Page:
Working with legacy code can be tremendously cumbersome for even the most seasoned web developer.
From eye-straining syntax, to performance issues on a global scale, unruly code can be one of the biggest pain points you can encounter when working on a new client’s website. Luckily, refactoring offers an option for escaping the abyss of jumbled code.
If you’ve never done it before, refactoring is the process of restructuring an existing code base in such a way that is does not alter the external behavior of the code, yet improves its internal structure.
A few weeks ago, we sat down with CSS Wizardry's Harry Roberts for a Shopify Partner Session webinar, where we chatted about the importance and challenges of refactoring legacy CSS. Harry walked us through his process, and offered some valuable advice for developers just getting started with refactoring. You can watch the full webinar recording here:
During his talk, Harry also shared a variety of tips to keep in mind when approaching a refactoring project. We’ve compiled some of them here to offer you the advice needed to start refactoring CSS without losing your mind.
1. Understand when it’s time to refactor
While it’s important to understand how to go about refactoring a code base, it’s equally crucial to understand when it’s appropriate to do so. Refactoring can be a very human resource-heavy process, which can require countless hours sifting through every feature of your, or your client’s, website or applications.
While Harry firmly states that “in one way or another, we should always be refactoring our code on an ongoing basis,” he also admits that there are a few instances that always necessitate refactoring. His litmus test for identifying these types of situations is based on the following three variables:
- If the projected cost of maintenance is higher than rewriting — The purpose of refactoring is to remove unnecessary code to increase performance and reduce cost. If your proposed process offers a cheaper alternative to maintaining the existing code base, it’s beneficial for you to refactor now before those maintenance costs grow even larger.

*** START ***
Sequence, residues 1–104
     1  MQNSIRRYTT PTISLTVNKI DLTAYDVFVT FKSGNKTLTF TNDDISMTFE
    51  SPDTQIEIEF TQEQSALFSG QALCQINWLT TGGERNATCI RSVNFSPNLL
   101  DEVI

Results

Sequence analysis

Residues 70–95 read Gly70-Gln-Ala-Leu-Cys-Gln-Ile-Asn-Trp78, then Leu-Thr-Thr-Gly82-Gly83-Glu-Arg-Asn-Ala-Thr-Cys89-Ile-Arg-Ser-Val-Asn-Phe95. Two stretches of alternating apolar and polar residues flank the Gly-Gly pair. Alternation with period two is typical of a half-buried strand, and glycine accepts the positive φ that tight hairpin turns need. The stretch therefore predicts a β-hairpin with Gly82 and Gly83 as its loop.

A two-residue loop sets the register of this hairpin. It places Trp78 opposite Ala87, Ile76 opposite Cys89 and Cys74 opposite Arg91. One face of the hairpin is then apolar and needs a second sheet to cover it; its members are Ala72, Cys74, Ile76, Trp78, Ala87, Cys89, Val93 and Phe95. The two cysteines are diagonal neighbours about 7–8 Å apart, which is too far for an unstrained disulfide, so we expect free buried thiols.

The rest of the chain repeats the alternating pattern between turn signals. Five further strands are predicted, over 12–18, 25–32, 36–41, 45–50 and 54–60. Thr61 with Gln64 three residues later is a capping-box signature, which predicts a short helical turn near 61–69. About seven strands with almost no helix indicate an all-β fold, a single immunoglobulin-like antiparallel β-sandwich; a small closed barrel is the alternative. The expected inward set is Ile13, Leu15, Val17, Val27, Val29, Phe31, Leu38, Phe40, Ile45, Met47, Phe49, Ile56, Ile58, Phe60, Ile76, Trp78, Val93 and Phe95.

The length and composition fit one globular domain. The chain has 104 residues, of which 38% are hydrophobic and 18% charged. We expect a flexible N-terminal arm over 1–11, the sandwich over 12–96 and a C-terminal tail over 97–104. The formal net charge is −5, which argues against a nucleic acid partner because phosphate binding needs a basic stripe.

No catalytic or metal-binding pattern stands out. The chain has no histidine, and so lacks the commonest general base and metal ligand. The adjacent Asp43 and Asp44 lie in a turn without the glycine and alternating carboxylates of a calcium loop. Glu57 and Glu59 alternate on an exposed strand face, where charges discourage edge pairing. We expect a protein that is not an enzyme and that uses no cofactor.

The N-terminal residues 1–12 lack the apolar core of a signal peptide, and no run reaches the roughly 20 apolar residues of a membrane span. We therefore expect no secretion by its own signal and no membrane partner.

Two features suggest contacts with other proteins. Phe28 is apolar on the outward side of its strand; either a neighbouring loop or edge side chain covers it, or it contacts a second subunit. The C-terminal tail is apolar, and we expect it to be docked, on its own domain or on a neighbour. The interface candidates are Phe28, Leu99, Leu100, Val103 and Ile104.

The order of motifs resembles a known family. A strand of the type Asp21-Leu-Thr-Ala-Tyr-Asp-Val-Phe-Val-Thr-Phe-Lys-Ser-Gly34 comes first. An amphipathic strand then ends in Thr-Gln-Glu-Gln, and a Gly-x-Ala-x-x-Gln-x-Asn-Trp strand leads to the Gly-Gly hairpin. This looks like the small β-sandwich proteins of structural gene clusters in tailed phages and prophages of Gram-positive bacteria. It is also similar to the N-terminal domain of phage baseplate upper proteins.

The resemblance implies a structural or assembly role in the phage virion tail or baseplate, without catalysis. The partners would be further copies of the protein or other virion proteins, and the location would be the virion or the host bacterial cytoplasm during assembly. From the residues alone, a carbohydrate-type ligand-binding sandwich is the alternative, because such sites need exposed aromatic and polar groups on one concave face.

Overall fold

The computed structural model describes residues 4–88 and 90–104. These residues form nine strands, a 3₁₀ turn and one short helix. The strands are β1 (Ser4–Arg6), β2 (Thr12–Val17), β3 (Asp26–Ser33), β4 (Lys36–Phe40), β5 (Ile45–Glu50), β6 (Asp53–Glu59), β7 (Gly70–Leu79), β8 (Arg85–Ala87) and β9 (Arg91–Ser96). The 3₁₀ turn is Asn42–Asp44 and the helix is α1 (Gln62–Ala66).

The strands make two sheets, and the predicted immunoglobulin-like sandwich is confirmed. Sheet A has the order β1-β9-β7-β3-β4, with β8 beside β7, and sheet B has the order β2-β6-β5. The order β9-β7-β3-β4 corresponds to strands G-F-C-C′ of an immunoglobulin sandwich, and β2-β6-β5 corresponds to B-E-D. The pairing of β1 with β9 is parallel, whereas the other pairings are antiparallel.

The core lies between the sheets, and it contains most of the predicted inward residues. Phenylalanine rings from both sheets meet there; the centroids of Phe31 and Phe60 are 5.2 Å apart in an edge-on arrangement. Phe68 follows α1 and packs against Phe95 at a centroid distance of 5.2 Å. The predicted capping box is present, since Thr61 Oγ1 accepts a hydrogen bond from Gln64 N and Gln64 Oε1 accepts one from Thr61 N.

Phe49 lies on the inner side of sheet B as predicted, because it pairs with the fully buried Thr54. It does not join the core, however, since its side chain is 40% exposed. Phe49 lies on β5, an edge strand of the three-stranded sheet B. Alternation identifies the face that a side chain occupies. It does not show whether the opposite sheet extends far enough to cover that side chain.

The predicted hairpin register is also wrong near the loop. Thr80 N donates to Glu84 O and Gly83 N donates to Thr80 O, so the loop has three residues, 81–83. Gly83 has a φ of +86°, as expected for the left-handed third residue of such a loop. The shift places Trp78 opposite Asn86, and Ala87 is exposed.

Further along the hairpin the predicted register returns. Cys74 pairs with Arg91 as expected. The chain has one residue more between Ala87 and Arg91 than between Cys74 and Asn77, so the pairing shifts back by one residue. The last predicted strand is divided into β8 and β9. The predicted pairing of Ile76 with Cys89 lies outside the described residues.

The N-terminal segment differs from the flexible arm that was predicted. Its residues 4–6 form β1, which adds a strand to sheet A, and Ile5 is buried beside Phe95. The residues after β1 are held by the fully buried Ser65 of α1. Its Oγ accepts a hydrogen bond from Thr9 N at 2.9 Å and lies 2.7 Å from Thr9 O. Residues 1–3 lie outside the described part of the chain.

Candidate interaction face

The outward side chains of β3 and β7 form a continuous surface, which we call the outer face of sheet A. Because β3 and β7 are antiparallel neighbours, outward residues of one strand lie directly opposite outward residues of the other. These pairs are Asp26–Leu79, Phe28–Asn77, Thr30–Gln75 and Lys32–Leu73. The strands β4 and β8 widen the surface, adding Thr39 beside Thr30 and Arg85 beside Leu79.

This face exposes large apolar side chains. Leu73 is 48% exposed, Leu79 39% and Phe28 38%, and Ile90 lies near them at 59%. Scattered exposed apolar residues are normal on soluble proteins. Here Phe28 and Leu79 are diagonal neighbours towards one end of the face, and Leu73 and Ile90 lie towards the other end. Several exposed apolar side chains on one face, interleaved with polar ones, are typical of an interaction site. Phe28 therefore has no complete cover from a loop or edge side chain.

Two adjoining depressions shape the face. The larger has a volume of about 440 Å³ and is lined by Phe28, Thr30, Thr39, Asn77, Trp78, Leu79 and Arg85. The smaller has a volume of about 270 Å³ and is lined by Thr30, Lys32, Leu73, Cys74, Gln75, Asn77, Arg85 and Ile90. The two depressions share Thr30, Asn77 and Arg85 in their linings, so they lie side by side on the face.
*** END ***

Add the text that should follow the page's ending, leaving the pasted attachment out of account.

- If the current version of your feature is hindering performance — If the current version is slowing down your website, it is a clear indication that it is time for you to look at your existing code infrastructure.
- If the new version of your feature or refactored code provides tangible benefit — This is the opposite to the aforementioned line, but is nonetheless important to consider. Even if your existing version isn’t overly problematic, there may still be some potential benefits that arise from tidying up CSS. Take the time to review and see if anything has slipped through the cracks.
2. Understand when it isn’t time to refactor
There are many instances when refactoring just isn’t the right solution for you to pursue. Given the high cost and effort associated with refactoring, it’s especially important to understand when it may actually be the more costly option.
Below, are some of Harry’s tips for deciding whether or not you need to refactor.
- If you’re not actually being slowed down by something — If something isn’t proving problematic for your, or your client’s website, application, or business, then it probably isn’t worthwhile to refactor just yet.
- If it’s something that can be captured by a rewrite later on — If your client is aware that in a few months they are going to be rewriting their entire site, it isn’t really worthwhile to refactor the code base at this moment, if the work is going to be deleted down the line.
- If a rewrite is a better solution than refactoring — There are some projects where the code base is so painful that rewriting the entire CSS from scratch is actually the smarter option than refactoring the existing code.
3. Understand the benefits of refactoring
Some clients may be hesitant about hiring you to refactor their website’s CSS due to a lack of understanding of what refactoring actually accomplishes. This can be especially true for those less tech-savvy clients, who may see refactoring as simply housekeeping for their existing website. It’s important in these situations that you’re able to clearly communicate the benefits refactoring can have on their website or web application.
If you find yourself faced with a skeptical client, make sure to communicate the positive impacts refactoring can have for their business. A few examples you can share include:
- Increase readability and ease of use for developers — By nature of the refactoring process, you’ll be reducing the complexity of your CSS system. This, in turn, will make it easier for other developers to access, read, and update your code. This can be especially important for companies onboarding new developers or working within larger development teams.
- Fewer bugs, enhanced performance, and a better user experience — The performance benefits from refactoring are well-known. By tidying your code, your web application or website will see near immediate enhancements, which will result in an overall better experience for your end users.
- Helps remove technical debt and save money — Poor code structure requires constant maintenance, and often means developers are spending more time working in the code than is actually required. By refactoring, you’ll lower your technical debt internally, which can translate into financial savings — something every client wants to hear.
Start refactoring CSS without losing your mind
If you’re looking to learn more about the refactoring process, make sure to watch our recording of Harry’s webinar.